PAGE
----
By Mike Conlon
Raise rates now!
Or so exclaimed BOE policy maker Andrew Sentence, as the lone dissenter of the UK Monetary Policy Committee. The minutes from the rate policy meeting were released and were surprisingly hawkish, as the committee was “surprised” by recent economic strength and the fact that inflation has remained above the government target of 3%. The market will be closely watching economic data coming out of the UK in the ensuing weeks for signs that UK economic strength may bring about a rate hike at the next meeting.
Otherwise, today is largely devoid of market-moving news. Yesterday the US stock market rallied after last week’s sell-off on the back of good corporate earnings and decent economic data. The Nikkei followed suit overnight, but the Yen broke from its usual inverse correlation, and is actually sporting strength this morning. So a pullback or pause after yesterday’s rally would not be uncommon, but there is little news that would cause a sentiment shift.
There are also some rumblings in the market about German economic strength as an exporting nation and how they are becoming similar to China in that they have an economic trade surplus. While this alone isn’t a bad thing, the call for German domestic demand to increase may be falling on deaf ears. I discussed the idea of “Chermany” in a previous blog article; that Germany has an “unfair” advantage due to weaker countries in the EU which hold the Euro low, similar to China’s Yuan peg. You can read the article here.
In the forex market:
Aussie (AUD): The Aussie is lower as the Westpac index of leading indicators came in lower than expected, for the third month in a row. While this shows a sign of potential economic slowing; this may be exactly what Australia is hoping for. In addition, speculation that Japan will not intervene in its currency is gaining traction. (Click chart to enlarge)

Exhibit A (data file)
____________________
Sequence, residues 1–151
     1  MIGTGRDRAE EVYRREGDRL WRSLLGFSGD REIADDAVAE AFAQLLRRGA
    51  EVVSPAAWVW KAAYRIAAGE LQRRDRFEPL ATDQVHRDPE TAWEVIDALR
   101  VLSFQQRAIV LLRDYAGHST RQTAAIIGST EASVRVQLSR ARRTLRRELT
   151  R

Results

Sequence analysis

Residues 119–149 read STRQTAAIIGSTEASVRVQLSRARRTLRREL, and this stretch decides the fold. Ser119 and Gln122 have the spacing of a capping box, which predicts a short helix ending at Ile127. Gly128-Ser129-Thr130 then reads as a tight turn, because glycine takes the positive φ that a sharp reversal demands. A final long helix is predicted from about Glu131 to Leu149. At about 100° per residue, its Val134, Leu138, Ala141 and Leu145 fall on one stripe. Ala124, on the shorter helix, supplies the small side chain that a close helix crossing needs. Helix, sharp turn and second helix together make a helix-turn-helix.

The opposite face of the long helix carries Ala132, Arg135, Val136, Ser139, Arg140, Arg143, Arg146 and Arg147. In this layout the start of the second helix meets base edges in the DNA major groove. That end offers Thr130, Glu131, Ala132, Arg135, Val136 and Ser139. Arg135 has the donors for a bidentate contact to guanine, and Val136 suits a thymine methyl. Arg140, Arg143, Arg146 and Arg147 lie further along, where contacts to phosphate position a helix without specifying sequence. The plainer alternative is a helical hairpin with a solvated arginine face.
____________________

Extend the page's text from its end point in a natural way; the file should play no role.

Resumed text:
Kiwi (NZD): The Kiwi is higher this morning, despite the mixed Yen strength and is likely the result of money flows leaving the Aussie in favor of the Kiwi.
Loonie (CAD): The Loonie is also higher this morning despite lower oil prices due to Aussie weakness and ahead of Canadian CPI data due out on Friday. A higher than expected reading could increase speculation about forthcoming rate hikes.
Euro (EUR): The Euro is mostly lower despite the fact that construction output figures rose for the first time in nearly 6-months. The idea of “Chermany” is starting to make the rounds but at this point I think the EU is content to allow Germany to grow unfettered to counter-balance the rest of the Euro zone weakness. Spain and Ireland both had successful bond auctions yesterday.
Pound (GBP): The Pound is the big winner this morning as the minutes from the rate policy meeting showed a surprisingly hawkish tone. Should economic data continue to be strong, the BOE may be forced to make monetary policy less accommodative. (Click chart to enlarge)
Dollar (USD): The Dollar is mostly lower in absence of any major news. The overall sentiment surrounding the Dollar is negative; however pockets of risk-aversion will likely keep it from freefall. In addition, tomorrow’s Philly Fed survey and initial jobless claims figures will provide further info into the health of the US economy which, in my eyes, is decidedly weak.
Yen (JPY): The yen is showing some strength today as speculation surrounding currency intervention is waning, despite the calls from a lawmaker to immediately intervene and weaken the currency to 95 to the Dollar. (Click chart to enlarge)
Today is one of those days where the lack of market-moving news allows big position players to operate freely. Also expect the performance of the US stock markets to affect the dollar as the trading day continues. The stock markets have opened lower despite decent corporate earnings today, which is more than likely a technical pull-back than a shift in sentiment.
As sentiment shifts around the globe from region to region, follow the money. Aussie is being sold because economic growth looks tepid going forward. Pound is being bought because the of a hawkish monetary policy meeting. Yen is being bought as intervention fears are subsiding, and Dollar is being sold because the US economy stinks.
So while there is still risk in the markets, there are always places to park your dough. The key is identifying who has the best prospects for growth, and that’s what I try to find for you each and every day!